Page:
ST. PETERSBURG, Fla. - Toronto Blue Jays pitcher J.A. Happ sustained what appeared to be a horrific injury, being struck on the side of the head by a line drive pitching Tuesday night against the Tampa Rays. The first thing he wanted to do while being taken by ambulance to the hospital was call his mom, Sue Happ of Peru and let her know he was OK.
“They were holding the phone up to my ear and I told my mom I was OK and let everyone (know). She was definitely relieved ... glad to hear by voice,” Happ said during a press conference Wednesday at Tropicana Field in St. Petersburg, Fla., less than 24 hours after being struck. That press conference can be viewed online at mlb.com.
That call and positive prognosis of his injury brought a sense of relief not only to Happ’s family back home, but to the whole baseball community. Desmond Jennings, the Rays batter who hit the ball that struck Happ, sought out Happ to express his sorrow.
“I would like to say, too, that the whole baseball community has been unbelievable with the messages I’m receiving, the things people are saying and all the prayers, And I really think that helped,” Happ said. “I feel fortunate.”
Happ’s injury was felt back at St. Bede Academy, where athletic director Tom McGunnigal said his heart stopped when he heard the news of the 2001 alumn. By the time he first saw the video, McGunnigal knew Happ was going to be OK. But even then, McGunnigal said, ‘When you see it, wow, how is he all right?
“It happened so quickly, you know the force of what was going in and coming back at you,” McGunnigal added. “I immediately started praying for him that he’d be OK and well taken care of and everything was going to be fine.”
Happ, the 2001 BCR Athlete of the Year out of St. Bede, said he doesn’t remember being struck on the left ear by the batted ball, only that he had a loud ringing in his ear.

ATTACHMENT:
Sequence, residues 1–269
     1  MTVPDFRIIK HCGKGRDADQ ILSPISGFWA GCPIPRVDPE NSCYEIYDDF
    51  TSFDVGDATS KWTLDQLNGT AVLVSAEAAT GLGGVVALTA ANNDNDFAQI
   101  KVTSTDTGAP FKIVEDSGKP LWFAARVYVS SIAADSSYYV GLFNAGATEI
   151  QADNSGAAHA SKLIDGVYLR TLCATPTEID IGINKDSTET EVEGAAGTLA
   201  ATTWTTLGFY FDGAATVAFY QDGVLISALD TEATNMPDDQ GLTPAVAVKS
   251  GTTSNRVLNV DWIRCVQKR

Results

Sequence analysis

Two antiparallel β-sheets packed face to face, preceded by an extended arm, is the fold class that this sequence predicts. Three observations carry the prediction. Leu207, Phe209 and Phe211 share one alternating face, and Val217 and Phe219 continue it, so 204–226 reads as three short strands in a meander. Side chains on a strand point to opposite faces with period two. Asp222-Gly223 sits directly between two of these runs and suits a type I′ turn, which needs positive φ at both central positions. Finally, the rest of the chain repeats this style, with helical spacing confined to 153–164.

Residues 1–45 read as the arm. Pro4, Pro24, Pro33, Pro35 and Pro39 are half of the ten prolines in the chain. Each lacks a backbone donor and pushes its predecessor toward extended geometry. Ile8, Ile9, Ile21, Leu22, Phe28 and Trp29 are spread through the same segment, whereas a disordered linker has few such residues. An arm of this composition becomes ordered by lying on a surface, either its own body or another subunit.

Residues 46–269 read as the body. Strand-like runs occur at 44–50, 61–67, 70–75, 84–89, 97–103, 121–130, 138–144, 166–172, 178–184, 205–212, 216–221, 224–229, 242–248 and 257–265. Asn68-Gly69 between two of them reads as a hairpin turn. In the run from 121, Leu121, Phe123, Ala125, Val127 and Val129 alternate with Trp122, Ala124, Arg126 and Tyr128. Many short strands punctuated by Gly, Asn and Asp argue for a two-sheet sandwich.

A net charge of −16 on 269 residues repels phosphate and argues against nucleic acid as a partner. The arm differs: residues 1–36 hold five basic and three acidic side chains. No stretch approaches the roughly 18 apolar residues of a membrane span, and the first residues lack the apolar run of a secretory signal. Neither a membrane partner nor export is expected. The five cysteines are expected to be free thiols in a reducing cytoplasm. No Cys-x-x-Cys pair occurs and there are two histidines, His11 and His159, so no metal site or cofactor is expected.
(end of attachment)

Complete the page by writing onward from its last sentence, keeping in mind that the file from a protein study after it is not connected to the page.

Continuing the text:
“It took me a few seconds to figure out what was going on... I was coherent. I was talking,” Happ said. “I felt a lot of pressure on my ear, that’s why I was holding it. I looked down and saw some blood on my hand.
“Obviously with the Brandon McCarthy injury last year, this type of thing is scary, you never know. But the paramedics and our trainers did a great job, they kept me comfortable and kept me calmed down.”
McCarthy was struck in the head by a batted ball last year and had intensive surgery as a result of a skull fracture and an epidural hemorrhage. He has returned to pitching this year for the Arizona Diamondbacks.
In watching the video of his incident, Happ saw that he moved just enough to escape more serious injury. As it is, he sustained a fracture to the skull just behind his ear.
“It looks like I moved just enough that it must have caught me in a better spot. I got some stitches and there’s a fracture in the bone in my skull behind my ear. But it’s not serious or threatening. We’ll let those heal.”
If the symptoms change, he said, “I need to let the doctors know, but I think they’re pretty confident that things will be fine.”
The 30-year-old left-hander also sustained a knee injury as a result of twisting away from the ball and falling to the ground. He left the hospital and walked into Wednesday’s press conference on crutches. The extent of that knee injury was unknown, but Happ said he is praying that everything is intact.
Happ has been advised by doctors not to fly for the time being and he will remain in the Tampa Bay area, able to rehab in nearby Dunedin, the spring home for the Blue Jays. He was placed on the 15-day disabled list, but there is no timetable set for his return. He said he doesn’t anticipate having any problems with fear factor of pitching again, but won’t know “till I’m up there.”
“I think you’ve got to get back out there and try to forget about it,” he added. “I don’t think there’s a ton of concern.”
“I know he’s going to get back on that mound and he’s going to be OK,” McGunnigal said. “He’s too tough of a competitor, too much of strong kid, not to get back up there.”